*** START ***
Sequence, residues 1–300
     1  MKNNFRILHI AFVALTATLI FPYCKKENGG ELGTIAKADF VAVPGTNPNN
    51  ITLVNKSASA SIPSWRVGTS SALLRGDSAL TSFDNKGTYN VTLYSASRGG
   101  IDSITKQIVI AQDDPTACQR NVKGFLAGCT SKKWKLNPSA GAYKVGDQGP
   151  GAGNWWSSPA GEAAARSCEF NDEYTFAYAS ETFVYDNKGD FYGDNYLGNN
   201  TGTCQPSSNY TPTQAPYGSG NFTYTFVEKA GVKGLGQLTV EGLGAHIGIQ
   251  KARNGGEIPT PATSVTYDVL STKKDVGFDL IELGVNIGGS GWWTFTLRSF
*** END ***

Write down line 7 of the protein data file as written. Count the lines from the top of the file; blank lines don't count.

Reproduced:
   251  KARNGGEIPT PATSVTYDVL STKKDVGFDL IELGVNIGGS GWWTFTLRSF